The following photographs and highlights from my diary describe the area and the discovery. (Note: Day headings indicate where I slept at the end of that day.)
Saturday July 7, 2007
Station Nord, Greenland 81ÃÂ° 36.11Ã¢ÂÂ north latitude
Ã¢ÂÂEn route to Station Nord, 1:16 p.m. Station Nord time. We are flying, and we are almost at Station Nord. Thirty-five minutes ago, we were over the sea
ice. It was one of the most frightening things I have ever seen. No, it was by far the most frightening thing I have ever seen. The world is melting. It is the equivalent of Ã¢ÂÂthe sky is falling inÃ¢ÂÂ¦.Ã¢ÂÂ
We reached Greenland!
We landed at Station Nord, where we camped for one night.
Ã¢ÂÂStation Nord 2:28 a.mÃ¢ÂÂ¦. I already described the ride to Station Nord. I slept part way, and when I awoke, I saw the world melting. It was startling and it was depressing, but it was also fantastic. It seemed like all the fairy tales in the world galvanized into one, and that suddenly I was living in a momentous era.Ã¢ÂÂOn July 8, we flew in a Twin Otter aircraft to our base camp in the northernmost reaches of Greenland, within miles of Cape James Hill.
Sunday July 8, 2007
Base Camp, Bliss Bugt Landing site, Greenland…
We landed on the outwash plain at approximately 83 degrees 35 minutes north latitude on a rough but flat patch of ground. We all piled out of the plane, including Renato. It was windy, gray and cold. Renato said goodbye then re-boarded the aircraft. The door closed. The Twin Otter flew away.
We busied ourselves setting up tents.
At about 5 p.m., John and I went for a walk. Originally, weÃ¢ÂÂd planned on going for a short walk, but it ended up being much longer. We crossed a stream, trying to avoid boggy ground. We trudged up a slope and got a point where we could look out. John went on ahead while I photographed the camp behind.
I followed up the gradual slope. Like most upward slopes, it appeared weÃ¢ÂÂd reach a high point, only to find that it kept going up.
John had a good eye. He pointed out an Arctic Hare ahead. We stopped. I have learned that approaching animals can be done more successfully if the approach is done facing them directly and walking slowly towards them, without moving from side to side. Birds that have eyes on the sides of their head and are looking at you with one eye do not have very good perspective vision, so it is difficult for them to tell if you are walking towards them. Thus, with respect to the skyline, it is best if you do not move left or right or up or down. This technique seemed to work reasonably well with the Arctic Hare.Then John and I moved freely. We reached a point where we could now see down towards the foot of the mountain, which was below and in the distance. Even though the mountain had seemed fairly close at first, it was now still very far away. I was told the Arctic air made things look closer.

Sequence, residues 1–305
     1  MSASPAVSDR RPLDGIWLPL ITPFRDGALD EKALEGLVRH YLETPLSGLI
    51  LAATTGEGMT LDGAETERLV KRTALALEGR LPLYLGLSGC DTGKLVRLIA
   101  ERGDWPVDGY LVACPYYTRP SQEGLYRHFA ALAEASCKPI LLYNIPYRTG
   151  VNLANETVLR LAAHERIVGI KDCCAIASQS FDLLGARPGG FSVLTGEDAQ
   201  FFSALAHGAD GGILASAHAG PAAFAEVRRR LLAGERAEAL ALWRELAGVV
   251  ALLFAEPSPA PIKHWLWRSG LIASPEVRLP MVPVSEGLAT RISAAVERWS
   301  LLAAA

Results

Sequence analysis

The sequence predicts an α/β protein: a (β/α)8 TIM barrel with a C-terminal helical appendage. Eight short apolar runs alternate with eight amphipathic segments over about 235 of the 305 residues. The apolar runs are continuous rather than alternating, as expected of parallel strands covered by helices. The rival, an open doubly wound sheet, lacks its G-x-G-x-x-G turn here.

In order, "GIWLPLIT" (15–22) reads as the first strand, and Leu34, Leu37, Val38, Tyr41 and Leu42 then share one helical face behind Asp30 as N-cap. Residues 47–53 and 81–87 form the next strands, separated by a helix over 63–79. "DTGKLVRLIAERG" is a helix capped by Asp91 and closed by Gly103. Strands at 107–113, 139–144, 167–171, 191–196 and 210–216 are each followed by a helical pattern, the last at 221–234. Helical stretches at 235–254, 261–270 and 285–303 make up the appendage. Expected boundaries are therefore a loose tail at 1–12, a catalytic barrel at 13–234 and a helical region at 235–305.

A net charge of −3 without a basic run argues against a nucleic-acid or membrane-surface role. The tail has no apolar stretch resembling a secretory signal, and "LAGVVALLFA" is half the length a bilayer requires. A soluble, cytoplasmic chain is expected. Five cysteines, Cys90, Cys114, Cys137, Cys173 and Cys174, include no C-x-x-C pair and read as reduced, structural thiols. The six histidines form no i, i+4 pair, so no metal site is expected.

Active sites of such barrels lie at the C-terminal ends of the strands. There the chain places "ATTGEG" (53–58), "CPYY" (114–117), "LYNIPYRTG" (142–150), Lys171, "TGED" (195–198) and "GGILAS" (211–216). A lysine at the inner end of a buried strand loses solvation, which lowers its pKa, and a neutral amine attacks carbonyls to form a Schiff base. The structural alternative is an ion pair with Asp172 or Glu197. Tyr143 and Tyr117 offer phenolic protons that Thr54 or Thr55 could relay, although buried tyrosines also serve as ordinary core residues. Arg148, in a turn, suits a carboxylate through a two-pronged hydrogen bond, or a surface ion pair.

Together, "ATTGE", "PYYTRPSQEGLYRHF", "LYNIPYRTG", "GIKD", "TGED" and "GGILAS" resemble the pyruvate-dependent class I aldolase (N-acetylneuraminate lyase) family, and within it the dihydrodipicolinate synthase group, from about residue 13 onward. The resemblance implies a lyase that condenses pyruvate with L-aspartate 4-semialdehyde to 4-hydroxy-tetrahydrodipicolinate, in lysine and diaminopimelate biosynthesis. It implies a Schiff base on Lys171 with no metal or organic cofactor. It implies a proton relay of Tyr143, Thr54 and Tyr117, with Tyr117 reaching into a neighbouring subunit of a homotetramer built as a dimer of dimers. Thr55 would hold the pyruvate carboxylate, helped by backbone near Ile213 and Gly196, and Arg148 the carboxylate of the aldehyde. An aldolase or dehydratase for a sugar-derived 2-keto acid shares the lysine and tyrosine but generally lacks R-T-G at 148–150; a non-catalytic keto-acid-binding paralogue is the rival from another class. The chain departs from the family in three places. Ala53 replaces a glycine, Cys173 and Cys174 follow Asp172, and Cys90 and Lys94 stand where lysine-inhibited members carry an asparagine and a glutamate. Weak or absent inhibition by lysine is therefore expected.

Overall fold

After taking photographs of the geography, including a valley in the distance running between the mountain facing us and the one to its right, we moved on.
There was a mossy pile of rocks. I suggested to John it could be an archaeological site. He seemed to agree it looked like it could be, but neither of us were sure. We walked back.
On the way up the slope, we had found a good view of Kaffeklubben, and we had agreed we would photograph it on the way back. On our return, Kaffeklubben was again in sight. When I found the desired spot, I set up my tripod and took photographs. We descended a slope.
I photographed the camp and the sea ice. It looked surreal. The sea ice, extending into the distance behind the camp, looked like a wall of stratified ice. I was amazed. It turns out this effect was from the myriad melt pools of aqua blue water pocketing the sea ice.
There were absolutely no trees. Not one. Not even bushes. The tallest plant was only an inch or so high, or in the case of flowers, maybe several. I descended, stopping to take photographs of the camp with small figures of people in it. When we finally got back to camp, it was about 10 p.m. WeÃ¢ÂÂd been gone over five hours! It seemed like half that time. I made a meal and retired for the night.
Monday July 9, 2007
Camp 2, River Outwash Plain, North Coast, Greenland
In the morning, our party split into two. Dennis, Bob, Holly and Steve went off first and John and I followed. John and I spotted a Rock Ptarmigan.We came to another snow gully. As I reached the other end, my legs sank to just below the knees in icy slush. I was not wearing waders. I continued on, reaching the other side in a few steps. I looked back. John was behind me. Rather than get caught in my slush, he went to the left. I moved on about a hundred meters or so. I wanted to gain a little elevation out of the gully so that I could see if someone was coming. I sat down. I waited ten minutes perhaps, wondering where John was. The wind blew. The sun was out now and again, and sometimes it hid behind the clouds. There was no place to seek protection from the wind. John came up. Had fallen in up to the top of his legs! It sounded uncomfortable. HeÃ¢ÂÂd been stuck there alone in the ice slush. We moved on. I told John that if we didnÃ¢ÂÂt find the others by the time we reached that far snowfield, we could always choose to camp for the night. We had everything we needed. We crossed a barren slope. I stopped and looked out. Then I noticed, though barely visible, what appeared to be human figures in the direction of Kaffeklubben. Sure enough, it was the others!